Comics

Comic-Con: The Post-Mortem

Marvelman

A battle over Marvelman has been resolved. Marvel Comics hide caption

itoggle caption Marvel Comics

And so, as the sun sinks slowly into the Weird Western Tales back issue bin, we bid a fond farewell to another Comic-Con.

Last week, the geeks descended on San Diego like a forgotten plague of Egypt ("And lo, there shall come long lines of sweaty chunky dudes whose attitude toward deodorizing balms could best be described as ambivalent").

They came, they saw, they whinged about the influx of Twilight fans screaming over Robert Pattinson. (Which development prompted geek-adjacent comedian Paul F. Tompkins to sagely opine, via Twitter: "Listen, nerds: you are living a graphic novel called GLASS HOUSES.")

And somewhere between all the movie trailers and drinking and television pilots and drinking and video game announcements and drinking, they talked about what's new and noteworthy in comic books.

After the jump: A small sample of the comics news from Comic-Con, and why you should care.

The News:
Marvel Comics has acquired the rights to Marvelman.

Why You, Non-Comics-Geek, Should Care:
Details are still hazy, but the bottom line is that a character who's been the subject of pitched legal battles for decades will once again see the light of day. Whether or not those comics might include Alan Moore's much discussed but little-seen '80s deconstruction of the character — again, details hazy; ask again later.

Who is Marvelman, how did he come to be, and just where's he been all this time? That's a long and litigious story. If you're curious, here's a handy and comprehensive precis from the fine folks at Blog@Newsarama.com.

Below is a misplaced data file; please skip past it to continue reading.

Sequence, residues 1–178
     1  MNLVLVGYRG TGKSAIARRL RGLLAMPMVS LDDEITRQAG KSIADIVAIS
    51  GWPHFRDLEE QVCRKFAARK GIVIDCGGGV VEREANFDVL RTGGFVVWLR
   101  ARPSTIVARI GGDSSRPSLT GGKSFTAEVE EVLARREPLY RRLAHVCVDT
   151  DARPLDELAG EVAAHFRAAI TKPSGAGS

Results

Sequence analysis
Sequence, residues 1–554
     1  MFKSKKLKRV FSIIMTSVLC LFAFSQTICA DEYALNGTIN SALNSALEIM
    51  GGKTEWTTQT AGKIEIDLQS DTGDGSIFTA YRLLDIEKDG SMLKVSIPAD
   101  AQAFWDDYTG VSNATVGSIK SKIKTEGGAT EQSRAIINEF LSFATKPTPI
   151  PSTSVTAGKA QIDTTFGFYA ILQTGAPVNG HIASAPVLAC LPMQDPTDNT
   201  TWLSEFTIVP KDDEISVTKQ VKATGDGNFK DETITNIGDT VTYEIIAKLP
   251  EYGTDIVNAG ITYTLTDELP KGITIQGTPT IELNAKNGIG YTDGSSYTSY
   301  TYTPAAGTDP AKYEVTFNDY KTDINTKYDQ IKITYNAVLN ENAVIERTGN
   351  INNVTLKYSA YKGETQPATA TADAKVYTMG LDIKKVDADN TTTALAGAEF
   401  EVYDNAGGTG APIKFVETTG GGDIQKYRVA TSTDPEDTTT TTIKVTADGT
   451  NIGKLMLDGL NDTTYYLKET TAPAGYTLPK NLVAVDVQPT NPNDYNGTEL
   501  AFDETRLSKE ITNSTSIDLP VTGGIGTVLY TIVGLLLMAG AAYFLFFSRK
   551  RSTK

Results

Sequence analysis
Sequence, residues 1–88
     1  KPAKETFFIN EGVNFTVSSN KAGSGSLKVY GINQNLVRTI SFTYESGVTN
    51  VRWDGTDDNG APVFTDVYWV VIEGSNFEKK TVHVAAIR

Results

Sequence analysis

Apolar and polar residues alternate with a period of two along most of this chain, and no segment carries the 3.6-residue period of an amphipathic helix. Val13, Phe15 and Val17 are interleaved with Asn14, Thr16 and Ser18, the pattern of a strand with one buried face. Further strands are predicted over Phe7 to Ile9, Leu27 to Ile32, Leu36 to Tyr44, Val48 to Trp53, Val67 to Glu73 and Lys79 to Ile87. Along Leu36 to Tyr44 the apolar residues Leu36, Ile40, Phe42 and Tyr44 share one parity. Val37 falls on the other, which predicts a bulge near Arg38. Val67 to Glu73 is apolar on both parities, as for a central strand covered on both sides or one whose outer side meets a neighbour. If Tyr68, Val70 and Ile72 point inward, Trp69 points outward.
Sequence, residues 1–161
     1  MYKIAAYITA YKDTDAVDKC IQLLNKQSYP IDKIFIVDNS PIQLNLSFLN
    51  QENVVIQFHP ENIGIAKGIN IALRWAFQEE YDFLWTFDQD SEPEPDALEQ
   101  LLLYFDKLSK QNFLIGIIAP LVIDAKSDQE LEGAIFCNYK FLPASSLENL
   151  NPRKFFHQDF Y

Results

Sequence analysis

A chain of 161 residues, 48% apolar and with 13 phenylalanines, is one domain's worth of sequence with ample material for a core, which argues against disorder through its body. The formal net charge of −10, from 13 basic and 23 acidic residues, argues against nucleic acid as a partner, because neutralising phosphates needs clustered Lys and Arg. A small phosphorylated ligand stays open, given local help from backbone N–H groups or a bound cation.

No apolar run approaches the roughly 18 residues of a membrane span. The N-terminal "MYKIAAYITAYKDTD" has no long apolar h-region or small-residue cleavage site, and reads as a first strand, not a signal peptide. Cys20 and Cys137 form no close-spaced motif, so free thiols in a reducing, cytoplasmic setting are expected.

The News:
We'll be getting more of Jeff Smith's Bone.

Why You, Non-Comics-Geek, Should Care:
Bone, Smith's gorgeous/funny/freaking huge all-ages epic, concluded a few years back. Next year he'll release a new collection of one-off tales, both old and new. (He also announced that another author will pen a series of novels based on Smith's characters. A wait-and-see approach seems advisable.)

The News:
Writer Neil Kleid's and artist Nicolas Cinquegrani's The Big Kahn is due out at the end of the month.

Why You, Non-Comics-Geek, Should Care:
Smart people who've seen the book — about a rabbi's family that discovers, upon his death, that he wasn't Jewish — are talking it up like crazy. Here's a preview, from Publishers Weekly.

The News:
David Mazzucchelli's Asterios Polyp is a great book, you guys, seriously.

Why You, Non-Comics-Geek, Should Care:
Because David Mazzuchelli's Asterios Polyp is a great book, you guys, seriously. The Los Angeles Times thinks so. The Village Voice thinks so. The New York Times thinks so — at least I'm pretty sure it does:

The book is a satirical comedy of remarriage, a treatise on aesthetics and design and ontology, a late-life Kunstlerroman, a Novel of Ideas with two capital letters, and just about the most schematic work of fiction this side of that other big book that constantly alludes to the "Odyssey."

So, uh, yeah.

The News:
Comics are coming to your cell phone in a big way. Lots of providers, lots of apps, a wider selection of titles.

Why You, Non-Comics-Geek, Should Care:
Because you're getting just a little bit sick of Peggle, now, aren't you?

The News:
The Weekly World News, which went online-only last year, will make its return to the printed page in a comic book published by IDW.

Why You, Non-Comics-Geek, Should Care:
Because the comics page is the ideal home for WWN's own Justice-League roster of weirdness: the elusive Bat-Boy, the xenophobic master-ranter Ed Anger, and everyone's favorite uptight agony aunt, Dear Dottie. (UPDATED: Okay, maybe not Dear Dottie.)

The News:
Jennifer Love Hewitt's gonna launch a comic book. About a possessed music box. Cough.

Why You, Non-Comics-Geek, Should Care:
You shouldn't. Oh good gravy, how you really, really shouldn't.

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